May 5th, 2010
10:30 AM ET

Immigration takes center court at Suns-Spurs playoffs

The Phoenix Suns will once again don their "Los Suns" jersey -- this time in response to Arizona's new immigration law.

It’s not often point guards and power forwards partake in politics.

Responding to a recently passed immigration policy in Arizona, the Phoenix Suns will take the court Wednesday in jerseys bearing their name in Spanish.

Robert Sarver, owner of “Los Suns,” said his team will wear the jerseys during Game Two of its playoff matchup with the San Antonio Spurs, which falls on the Mexican holiday, Cinco de Mayo.

“We are proud that 400 players from 36 countries compete in the NBA, and the league and the Suns have always considered that to be a great strength of the NBA,” he said in a statement.

The move was designed, in part, to honor Phoenix’s Latino community, Sarver said.

The Suns also have a Latin-born player, guard Leandro Barbosa of Brazil. He is one of the NBA’s 18 players from Latin America. Hispanics compose about 15 percent of the NBA’s market, according to the league.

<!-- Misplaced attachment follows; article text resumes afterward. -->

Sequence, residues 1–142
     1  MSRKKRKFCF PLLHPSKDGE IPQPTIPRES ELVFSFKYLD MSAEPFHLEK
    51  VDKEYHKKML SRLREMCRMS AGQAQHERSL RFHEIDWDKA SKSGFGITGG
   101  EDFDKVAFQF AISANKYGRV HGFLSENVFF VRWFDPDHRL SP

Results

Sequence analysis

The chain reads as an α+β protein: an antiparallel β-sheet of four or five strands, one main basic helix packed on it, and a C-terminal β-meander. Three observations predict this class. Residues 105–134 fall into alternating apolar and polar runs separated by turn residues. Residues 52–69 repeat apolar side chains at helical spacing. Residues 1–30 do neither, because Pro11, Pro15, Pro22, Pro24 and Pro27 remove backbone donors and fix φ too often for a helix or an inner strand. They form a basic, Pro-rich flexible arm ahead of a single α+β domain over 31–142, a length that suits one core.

The new immigration law, which goes into effect in August, allows police in Arizona to demand proof of residency. Critics say the law encourages racial profiling. Proponents say it’s a necessary response to stem the tide of illegal immigrants flowing into the state.

The Suns’ protest was roundly supported by NBA players and officials, according to an report.

NBA Commissioner David Stern called the move “appropriate.” The NBA Players Association also praised the protest as NBAPA Executive Director Billy Hunter called the immigration law “offensive and incompatible with the basic notions of fairness and equal protection.”